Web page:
Along the road to insight, the wizard’s apprentice has sullied the original and finally removed it altogether and has exposed himself to great moral peril during the process (but that’s quite OK in the end, because after all it is only himself he violates). Derrida’s argument is a truly postmodern story of enlightenment: insight can only be attained via and in obscurity. What I like about the Brouwn photographs is, that they physically illustrate the progression of Derrida’s text. The first sequence has so many lacunas that it automatically steers the imagination towards the original and its absence, thus creating the idea of an original in the mind. The next sequence actually has a certain narrative logic, even though the meaning of the narrative remains obscures, so one is confirmed in one’s idea that there actually is a story behind it all and that one actually can reconstruct the presumed original event by means of the photographic evidence. Already here, one begins to auto-satisfy oneself, because after having used the photographs as proof of the existence of an original, they are now combined with the idea of the original to convince oneself that one can actually gain access to the work – which at the end of the day allows us to see what we have been doing to ourselves. Not that we necessarily do so, but should we want to do so, we could. We could actually see what we are holding in our hands, what we have been thinking of and where it has led us.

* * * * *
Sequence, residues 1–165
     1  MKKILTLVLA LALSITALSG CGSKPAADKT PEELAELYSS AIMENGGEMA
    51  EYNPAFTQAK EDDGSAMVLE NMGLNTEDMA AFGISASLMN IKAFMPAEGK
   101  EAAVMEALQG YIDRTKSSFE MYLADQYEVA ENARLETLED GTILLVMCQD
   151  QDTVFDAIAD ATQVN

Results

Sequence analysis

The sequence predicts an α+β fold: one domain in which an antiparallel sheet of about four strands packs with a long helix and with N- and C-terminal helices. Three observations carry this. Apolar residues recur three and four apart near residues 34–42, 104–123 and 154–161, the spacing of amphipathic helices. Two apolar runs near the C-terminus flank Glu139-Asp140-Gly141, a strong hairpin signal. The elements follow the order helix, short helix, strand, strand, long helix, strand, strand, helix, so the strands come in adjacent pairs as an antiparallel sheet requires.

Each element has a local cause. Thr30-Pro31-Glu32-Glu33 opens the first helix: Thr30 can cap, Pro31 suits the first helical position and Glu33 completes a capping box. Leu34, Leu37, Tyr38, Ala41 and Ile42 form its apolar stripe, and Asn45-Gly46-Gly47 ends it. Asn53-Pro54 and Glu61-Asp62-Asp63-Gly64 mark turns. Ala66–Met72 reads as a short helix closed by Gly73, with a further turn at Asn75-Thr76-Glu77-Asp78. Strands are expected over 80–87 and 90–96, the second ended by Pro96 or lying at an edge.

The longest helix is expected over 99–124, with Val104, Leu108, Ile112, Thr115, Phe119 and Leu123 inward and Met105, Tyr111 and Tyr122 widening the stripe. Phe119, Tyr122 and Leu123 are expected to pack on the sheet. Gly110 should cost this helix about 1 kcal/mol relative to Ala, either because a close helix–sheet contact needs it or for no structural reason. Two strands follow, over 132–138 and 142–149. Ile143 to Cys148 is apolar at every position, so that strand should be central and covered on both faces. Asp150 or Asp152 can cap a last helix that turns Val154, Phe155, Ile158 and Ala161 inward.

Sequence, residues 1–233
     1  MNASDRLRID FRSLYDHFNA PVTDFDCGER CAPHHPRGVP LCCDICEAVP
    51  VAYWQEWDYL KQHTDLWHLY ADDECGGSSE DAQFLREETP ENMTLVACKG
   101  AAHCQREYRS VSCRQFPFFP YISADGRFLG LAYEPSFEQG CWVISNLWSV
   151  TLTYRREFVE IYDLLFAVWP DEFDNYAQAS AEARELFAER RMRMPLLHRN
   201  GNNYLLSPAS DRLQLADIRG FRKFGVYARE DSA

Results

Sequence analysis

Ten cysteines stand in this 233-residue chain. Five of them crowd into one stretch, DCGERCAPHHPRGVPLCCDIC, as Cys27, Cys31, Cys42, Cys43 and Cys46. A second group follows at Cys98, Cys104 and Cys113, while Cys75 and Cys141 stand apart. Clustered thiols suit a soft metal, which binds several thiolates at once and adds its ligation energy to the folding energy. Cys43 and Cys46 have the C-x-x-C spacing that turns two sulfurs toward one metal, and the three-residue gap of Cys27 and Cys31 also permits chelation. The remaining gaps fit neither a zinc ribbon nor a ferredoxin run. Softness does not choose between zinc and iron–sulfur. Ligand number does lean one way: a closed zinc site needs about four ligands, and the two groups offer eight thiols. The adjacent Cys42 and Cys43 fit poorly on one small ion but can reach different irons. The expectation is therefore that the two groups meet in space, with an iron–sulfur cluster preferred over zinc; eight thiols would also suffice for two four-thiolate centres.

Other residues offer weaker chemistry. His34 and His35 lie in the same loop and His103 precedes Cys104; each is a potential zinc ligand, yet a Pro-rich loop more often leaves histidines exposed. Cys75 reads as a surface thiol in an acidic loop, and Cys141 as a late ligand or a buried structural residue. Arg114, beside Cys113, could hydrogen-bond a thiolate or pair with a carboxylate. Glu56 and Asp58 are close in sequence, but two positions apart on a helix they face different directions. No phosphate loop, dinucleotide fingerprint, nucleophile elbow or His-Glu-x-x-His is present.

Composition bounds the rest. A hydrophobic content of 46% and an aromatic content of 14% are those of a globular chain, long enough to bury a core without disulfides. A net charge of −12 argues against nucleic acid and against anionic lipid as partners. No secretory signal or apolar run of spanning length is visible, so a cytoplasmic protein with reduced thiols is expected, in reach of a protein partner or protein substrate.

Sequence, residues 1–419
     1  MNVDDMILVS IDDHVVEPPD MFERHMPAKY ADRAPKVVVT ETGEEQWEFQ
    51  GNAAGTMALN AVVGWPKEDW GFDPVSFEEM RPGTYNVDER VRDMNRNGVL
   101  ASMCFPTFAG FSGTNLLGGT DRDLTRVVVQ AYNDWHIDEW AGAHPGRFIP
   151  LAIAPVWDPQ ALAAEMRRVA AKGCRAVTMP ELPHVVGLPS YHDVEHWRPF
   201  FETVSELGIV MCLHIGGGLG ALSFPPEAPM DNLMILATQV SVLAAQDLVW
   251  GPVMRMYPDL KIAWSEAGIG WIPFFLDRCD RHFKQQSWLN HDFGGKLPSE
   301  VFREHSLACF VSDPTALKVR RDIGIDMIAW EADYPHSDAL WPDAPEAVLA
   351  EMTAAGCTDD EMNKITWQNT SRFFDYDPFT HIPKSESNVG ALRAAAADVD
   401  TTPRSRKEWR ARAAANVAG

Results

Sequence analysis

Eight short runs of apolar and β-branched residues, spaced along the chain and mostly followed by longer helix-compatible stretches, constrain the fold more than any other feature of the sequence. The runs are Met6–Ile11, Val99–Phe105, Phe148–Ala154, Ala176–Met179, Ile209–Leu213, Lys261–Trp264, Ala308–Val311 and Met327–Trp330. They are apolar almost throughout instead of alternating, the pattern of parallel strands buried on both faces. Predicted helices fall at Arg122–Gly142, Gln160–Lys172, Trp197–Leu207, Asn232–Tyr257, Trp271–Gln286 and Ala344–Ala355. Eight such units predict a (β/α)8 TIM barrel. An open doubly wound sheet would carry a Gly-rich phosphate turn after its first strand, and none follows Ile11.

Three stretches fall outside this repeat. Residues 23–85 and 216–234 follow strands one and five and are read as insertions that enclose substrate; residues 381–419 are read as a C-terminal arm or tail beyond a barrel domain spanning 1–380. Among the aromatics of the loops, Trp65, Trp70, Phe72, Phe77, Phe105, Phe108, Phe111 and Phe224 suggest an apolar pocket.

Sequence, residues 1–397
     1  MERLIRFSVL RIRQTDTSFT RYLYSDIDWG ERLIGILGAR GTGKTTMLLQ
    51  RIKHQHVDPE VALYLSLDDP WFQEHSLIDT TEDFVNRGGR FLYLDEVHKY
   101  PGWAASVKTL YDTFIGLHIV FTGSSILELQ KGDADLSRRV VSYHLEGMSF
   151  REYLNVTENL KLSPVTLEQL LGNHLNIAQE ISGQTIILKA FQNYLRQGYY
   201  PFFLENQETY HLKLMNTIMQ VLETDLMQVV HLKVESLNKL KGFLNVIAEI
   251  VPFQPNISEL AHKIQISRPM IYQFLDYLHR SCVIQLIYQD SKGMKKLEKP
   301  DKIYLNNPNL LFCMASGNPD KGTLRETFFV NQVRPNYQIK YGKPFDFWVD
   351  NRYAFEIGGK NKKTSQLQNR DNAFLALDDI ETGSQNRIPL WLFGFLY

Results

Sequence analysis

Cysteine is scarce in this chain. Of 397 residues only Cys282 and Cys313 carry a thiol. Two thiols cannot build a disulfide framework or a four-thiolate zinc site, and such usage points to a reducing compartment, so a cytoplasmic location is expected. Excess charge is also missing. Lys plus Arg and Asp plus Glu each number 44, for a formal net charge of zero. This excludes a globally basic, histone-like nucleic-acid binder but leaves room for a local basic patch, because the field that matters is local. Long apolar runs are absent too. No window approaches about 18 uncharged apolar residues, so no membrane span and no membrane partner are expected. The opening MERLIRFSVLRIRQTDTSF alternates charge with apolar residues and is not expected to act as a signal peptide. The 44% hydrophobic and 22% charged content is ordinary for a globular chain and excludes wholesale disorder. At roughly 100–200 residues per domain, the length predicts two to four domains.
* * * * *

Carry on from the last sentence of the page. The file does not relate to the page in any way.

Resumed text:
At which point I would like to make a brief final remark. Apart from referring to Derrida, Amelia Jones also mentions Rosalind Krauss. More specifically, she points out that Krauss mentions both performance and photography as examples of indexicality. Maybe their relationship is different from the one between Derrida’s speech and text, maybe it is the same but of a different order, but in any case, looking at the photographs can tell us something about our relationship with indexical signs and therewith about our relationship with works of performance art as well. Once again, Brouwn’s work is extremely illustrative: it will never reveal itself as one continuous narrative because it never was one. In his early performances, Brouwn combined a lot of shorter monostructural actions, reminiscent of the Fluxus event, although unscripted, to form a more complex whole. The frustration one experiences when looking at the photographs reproduces the frustration that was no doubt experienced by those who actually witnessed the performance, just as our efforts to create a coherent whole out of the disjointed mess we are presented with, reproduces theirs. In a sense, the photographs are a satisfyingly appropriate way of approaching the performance, despite their supplementary character.